“There is something particularly unique and special about going to your local indie bookstore and whiling away the hours, chatting to the owners who have been part of the community for years; who know your literary tastes and go above and beyond to get great books out to readers. All while often organising fantastic community events like book readings and writing classes – which do so much to also support local authors and artists, and bring lovers of books and the written word together.”

So, where to shop local?

Although the trends seem to be moderately encouraging, many authors and bookstore owners are clear that the road ahead is still fraught with risk. In 2021, Managing Director of the Bookseller Association, Meryl Halls, said she was “anticipating that we’re going to lose a slew of [bookstore] businesses”, as things like the cost of living crisis and fallout from Brexit and the Pandemic are felt by consumers and businesses alike.

Meanwhile, Tim Leach, author of The Smile of the Wolf,  told NITRB that the last few years have left him feeling “less pessimistic” than he was when considering the future of physical bookstores, but still viewed there situation as “precarious”. He said:

“Waterstones seems to be holding strong from what I can tell, and the renewed desire for physical books definitely bodes well for bookshops. Their position is still precarious, especially the small indie bookshops, but I’m really glad to see them surviving better than I thought they might.”

So, as Amazon closes it’s physical bookstores, where can readers in the USA and UK pick up their books?

The Guardian have put together a short list of some of their reader’s favourite bookstores. While here at NITRB we collated an extensive (but by no means exhaustive) list of independent bookstores and publishers to support during Lockdown, based on responses from our readers and followers on social media.

Yet, there remain literally thousands of local independent bookstores out there: and we want to hear about them! So, if you have a favourite bookstore in mind – or if you run one yourself – then we want to hear from you! Let us know in the comments below, or even drop us an email or message on social media with a few words about your store and what it means to you.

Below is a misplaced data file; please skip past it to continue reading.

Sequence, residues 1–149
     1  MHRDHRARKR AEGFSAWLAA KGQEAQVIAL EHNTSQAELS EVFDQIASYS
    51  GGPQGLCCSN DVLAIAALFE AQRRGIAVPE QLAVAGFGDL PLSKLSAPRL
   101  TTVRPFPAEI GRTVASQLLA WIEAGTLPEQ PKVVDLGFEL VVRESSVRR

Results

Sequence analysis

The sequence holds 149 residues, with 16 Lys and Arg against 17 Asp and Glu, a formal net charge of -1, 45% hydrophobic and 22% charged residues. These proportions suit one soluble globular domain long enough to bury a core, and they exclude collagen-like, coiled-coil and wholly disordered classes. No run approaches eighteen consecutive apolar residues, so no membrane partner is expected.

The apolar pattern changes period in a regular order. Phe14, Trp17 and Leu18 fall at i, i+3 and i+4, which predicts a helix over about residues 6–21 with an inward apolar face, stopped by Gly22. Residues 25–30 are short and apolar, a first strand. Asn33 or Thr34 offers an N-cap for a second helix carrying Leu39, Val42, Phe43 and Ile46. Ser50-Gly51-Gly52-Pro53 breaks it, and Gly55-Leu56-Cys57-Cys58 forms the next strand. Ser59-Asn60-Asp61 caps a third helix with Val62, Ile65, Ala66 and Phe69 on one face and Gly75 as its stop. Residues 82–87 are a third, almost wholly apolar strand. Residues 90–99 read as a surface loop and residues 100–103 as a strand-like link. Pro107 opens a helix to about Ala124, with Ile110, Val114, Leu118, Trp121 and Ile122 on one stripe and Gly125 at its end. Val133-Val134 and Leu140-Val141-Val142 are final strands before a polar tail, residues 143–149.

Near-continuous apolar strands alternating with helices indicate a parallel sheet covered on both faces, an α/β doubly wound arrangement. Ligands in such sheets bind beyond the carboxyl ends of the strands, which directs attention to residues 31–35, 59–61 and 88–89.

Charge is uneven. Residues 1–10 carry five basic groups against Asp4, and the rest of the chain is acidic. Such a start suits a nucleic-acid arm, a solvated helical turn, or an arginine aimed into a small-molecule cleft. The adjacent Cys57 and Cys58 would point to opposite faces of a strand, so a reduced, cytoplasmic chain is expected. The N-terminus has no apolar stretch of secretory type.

6 comments

  1. Hastings has tonnes of independent book stores. My absolute favourite is Hare & Hawthorn on George Street in the old town. Show them ALL the love. They have the most beautiful books. I have to shout out Boulevard Books as well (also on George Street) where you can eat homecooked Thai food whilst buying books!

    Liked by 1 person

  2. Thanks for using my photo and citing the source. If you would please also link to the original on Flickr that would be greatly appreciated.

    Like

    1. Thanks Michael – a great pic and perfect for this article! Apologies – we tried linking originally but there was a coding error. All fixed now and thanks for pointing out! Hope we can collaborate creatively in future also 🙂

      Like

  3. To tell the truth, I am surprised and astonished by the news that Amazon is closing all 68 of its physical bookstores because I thought that there were no serious prerequisites for such measures. Of course, it is profitable for the bookselling industry because it is a great opportunity for independent booksellers to reach a new level and consolidate its position, developing to a huge extent. I’m glad that people are starting to recognise the value of physical bookstores because it is supposed to happen and physical bookstores are of great value in our world. From my point of view, they perform a really significant function and each of them has a unique concept which is not right to underestimate. I absolutely agree with Alexandra Petri because physical bookstores provide us with special opportunities and have special abilities to bring us into contact with unique things.

    Liked by 1 person